Using Telemonitoring for Preventative Diabetes Care in the Western New York Beacon Community

Dan Porreca | July 10, 2012

According to the New York State Department of Health, diabetes affects one out of every 12 adult New Yorkers. The number of diabetics in New York State has more than doubled since 1994 and that number could double again by 2050. Western New York, which includes Buffalo and eight counties ranging from urban to suburban and rural, has one of the highest rates of diabetes in the country with approximately 150,000 diabetic patients. 

Western New York Beacon Community

The Western New York (WNY) Beacon Community Exit Disclaimer is one of 17 ONC-funded Beacon Communities building and strengthening local health IT infrastructure and testing innovative approaches to make measurable improvements in health and health care, while also  reducing costs. The WNY Beacon, made up of HEALTHeLINK, Western New York’s clinical information exchange, and clinical transformation partners Catholic Medical Partners and P2 Collaborative of Western New York, is attempting to move the needle in a positive direction for diabetes care management by focusing on preventative health through early intervention and better care coordination. The WNY Beacon launched a telemonitoring pilot last summer with a focus on high-risk diabetic patients and a goal of reducing preventable emergency room visits and future hospital re-admissions. The innovative piece of this telemonitoring pilot, as compared with others, is that it targets patients who have not recently been hospitalized, while many other similar models focus on patients who have been recently discharged. WNY Beacon is one of four Beacon Communities working with telemonitoring interventions and one of many Beacon Communities working to improve diabetes care.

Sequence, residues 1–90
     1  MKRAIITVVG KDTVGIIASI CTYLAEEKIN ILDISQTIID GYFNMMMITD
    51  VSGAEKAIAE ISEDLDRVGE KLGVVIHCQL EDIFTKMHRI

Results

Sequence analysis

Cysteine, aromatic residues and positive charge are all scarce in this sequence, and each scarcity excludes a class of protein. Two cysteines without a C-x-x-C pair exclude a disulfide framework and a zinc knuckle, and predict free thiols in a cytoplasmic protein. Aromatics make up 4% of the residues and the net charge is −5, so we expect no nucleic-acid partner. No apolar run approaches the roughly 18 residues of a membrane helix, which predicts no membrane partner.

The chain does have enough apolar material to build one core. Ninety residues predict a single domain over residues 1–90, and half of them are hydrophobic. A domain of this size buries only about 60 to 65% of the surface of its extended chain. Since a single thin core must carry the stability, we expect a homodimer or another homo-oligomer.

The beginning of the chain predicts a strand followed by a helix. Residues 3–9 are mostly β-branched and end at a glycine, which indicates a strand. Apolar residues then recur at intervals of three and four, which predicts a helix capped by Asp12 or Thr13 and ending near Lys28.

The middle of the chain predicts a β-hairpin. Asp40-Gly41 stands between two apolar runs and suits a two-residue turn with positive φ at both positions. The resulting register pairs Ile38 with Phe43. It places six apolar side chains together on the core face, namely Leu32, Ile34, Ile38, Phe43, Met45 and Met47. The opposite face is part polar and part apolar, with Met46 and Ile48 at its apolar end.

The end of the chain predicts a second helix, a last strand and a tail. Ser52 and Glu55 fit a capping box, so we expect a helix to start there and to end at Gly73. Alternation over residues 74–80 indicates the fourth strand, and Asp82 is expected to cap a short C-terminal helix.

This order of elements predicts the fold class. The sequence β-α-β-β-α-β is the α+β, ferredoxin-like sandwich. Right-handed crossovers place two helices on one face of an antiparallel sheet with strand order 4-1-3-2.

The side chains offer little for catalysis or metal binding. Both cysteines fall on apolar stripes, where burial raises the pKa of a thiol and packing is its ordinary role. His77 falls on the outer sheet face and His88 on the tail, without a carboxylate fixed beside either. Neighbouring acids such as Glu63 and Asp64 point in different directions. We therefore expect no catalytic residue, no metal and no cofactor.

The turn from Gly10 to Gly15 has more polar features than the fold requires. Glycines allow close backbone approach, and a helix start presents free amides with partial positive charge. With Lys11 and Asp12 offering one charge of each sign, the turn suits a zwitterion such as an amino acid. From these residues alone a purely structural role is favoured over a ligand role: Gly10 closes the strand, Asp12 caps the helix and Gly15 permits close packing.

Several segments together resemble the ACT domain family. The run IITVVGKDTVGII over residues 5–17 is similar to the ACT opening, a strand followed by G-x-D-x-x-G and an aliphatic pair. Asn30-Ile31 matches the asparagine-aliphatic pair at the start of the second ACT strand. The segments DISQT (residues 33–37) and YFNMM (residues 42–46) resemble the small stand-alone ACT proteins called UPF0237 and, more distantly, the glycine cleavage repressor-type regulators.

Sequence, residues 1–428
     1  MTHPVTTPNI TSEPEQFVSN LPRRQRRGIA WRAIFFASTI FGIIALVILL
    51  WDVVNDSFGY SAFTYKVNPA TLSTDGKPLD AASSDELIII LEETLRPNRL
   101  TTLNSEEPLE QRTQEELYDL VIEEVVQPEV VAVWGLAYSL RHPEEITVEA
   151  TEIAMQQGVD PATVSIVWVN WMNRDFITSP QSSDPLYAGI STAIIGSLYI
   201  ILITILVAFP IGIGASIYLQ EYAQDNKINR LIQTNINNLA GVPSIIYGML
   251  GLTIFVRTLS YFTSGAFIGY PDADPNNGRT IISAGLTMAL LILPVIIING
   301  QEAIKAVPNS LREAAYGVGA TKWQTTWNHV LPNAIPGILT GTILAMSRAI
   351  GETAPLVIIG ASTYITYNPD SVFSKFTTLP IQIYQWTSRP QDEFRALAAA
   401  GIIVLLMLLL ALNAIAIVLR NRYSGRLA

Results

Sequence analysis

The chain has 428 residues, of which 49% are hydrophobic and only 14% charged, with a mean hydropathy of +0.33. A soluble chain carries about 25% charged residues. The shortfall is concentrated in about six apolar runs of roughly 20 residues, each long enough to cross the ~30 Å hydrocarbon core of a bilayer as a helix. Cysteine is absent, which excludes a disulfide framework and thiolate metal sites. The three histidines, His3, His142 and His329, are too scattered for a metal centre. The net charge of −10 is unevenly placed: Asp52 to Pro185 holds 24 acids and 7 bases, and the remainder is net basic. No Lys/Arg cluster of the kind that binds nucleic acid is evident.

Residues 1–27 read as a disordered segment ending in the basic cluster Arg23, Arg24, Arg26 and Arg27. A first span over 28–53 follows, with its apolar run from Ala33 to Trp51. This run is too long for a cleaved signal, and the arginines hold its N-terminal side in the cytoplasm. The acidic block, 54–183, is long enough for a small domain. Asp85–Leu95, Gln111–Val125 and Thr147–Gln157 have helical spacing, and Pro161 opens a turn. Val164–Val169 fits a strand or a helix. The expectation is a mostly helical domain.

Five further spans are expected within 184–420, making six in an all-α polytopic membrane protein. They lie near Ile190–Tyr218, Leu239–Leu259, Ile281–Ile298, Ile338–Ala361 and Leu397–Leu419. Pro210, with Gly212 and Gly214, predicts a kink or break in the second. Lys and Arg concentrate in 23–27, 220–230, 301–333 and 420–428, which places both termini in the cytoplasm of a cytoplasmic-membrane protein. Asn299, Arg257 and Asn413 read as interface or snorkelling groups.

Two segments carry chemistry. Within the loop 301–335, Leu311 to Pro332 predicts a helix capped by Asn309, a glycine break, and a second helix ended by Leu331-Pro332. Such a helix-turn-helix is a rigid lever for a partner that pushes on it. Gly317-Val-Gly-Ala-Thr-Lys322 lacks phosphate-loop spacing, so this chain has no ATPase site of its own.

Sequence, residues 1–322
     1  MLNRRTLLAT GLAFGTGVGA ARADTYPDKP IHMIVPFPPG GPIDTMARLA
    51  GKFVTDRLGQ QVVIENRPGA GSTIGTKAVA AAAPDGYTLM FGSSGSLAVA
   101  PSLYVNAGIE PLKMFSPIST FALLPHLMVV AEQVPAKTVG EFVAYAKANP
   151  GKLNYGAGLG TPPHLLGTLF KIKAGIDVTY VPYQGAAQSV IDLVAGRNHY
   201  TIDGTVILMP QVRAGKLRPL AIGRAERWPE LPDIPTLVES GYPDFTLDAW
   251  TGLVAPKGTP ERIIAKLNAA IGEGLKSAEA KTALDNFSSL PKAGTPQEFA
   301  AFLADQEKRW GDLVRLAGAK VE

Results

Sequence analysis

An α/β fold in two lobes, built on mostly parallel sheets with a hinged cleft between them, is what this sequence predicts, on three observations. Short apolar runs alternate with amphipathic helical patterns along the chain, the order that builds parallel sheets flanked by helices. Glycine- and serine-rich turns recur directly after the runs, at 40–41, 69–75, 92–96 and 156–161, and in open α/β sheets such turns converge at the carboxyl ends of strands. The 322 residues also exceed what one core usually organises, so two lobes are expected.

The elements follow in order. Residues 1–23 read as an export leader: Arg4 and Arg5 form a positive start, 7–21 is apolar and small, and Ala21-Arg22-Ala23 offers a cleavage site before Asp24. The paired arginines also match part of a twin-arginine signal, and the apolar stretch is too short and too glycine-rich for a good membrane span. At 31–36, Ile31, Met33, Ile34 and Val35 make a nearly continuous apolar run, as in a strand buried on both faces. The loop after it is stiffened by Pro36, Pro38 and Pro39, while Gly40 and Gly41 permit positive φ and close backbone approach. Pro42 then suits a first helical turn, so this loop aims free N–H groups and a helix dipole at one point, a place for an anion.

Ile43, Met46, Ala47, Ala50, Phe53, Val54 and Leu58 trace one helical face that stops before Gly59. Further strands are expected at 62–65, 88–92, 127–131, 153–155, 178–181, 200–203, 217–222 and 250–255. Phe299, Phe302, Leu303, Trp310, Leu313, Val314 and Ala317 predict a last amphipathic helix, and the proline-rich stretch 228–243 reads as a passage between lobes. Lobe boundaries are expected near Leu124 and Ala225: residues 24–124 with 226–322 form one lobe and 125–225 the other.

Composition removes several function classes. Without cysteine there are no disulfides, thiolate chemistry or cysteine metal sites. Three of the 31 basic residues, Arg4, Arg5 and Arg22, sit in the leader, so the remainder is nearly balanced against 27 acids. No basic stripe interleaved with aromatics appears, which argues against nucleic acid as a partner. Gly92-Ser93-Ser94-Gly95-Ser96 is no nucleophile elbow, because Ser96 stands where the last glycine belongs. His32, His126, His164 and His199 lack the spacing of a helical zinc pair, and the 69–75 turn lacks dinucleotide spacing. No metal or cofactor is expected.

Telemonitoring Pilot

Approximately 110 patients are currently participating in the WNY Beacon telemonitoring pilot. Mobile devices installed in the patient’s home electronically report vital signs including blood pressure, glucose readings, and weight to health care providers through HEALTHeLINK.  The WNY Beacon believes that involving the patient in his or her own care will improve their compliance and accountability for their health. Many participating providers and their patients said that they didn’t understand the impact of weight or specific foods on their diabetes until they began this daily monitoring. With this knowledge readily available, the patients participating in the pilot are able to proactively manage their diabetes.

Telemonitoring Success Stories

Since launching the telemonitoring pilot last summer, the WNY Beacon has a few success stories:

  • A participating community health center asked to enroll additional patients into the telemonitoring pilot based on the success of its patients to date.
  • One participating practice realized, through the telemonitoring pilot, the need to better address the nutritional needs of their diabetic patients and hired a nutritionist to provide better education in this area.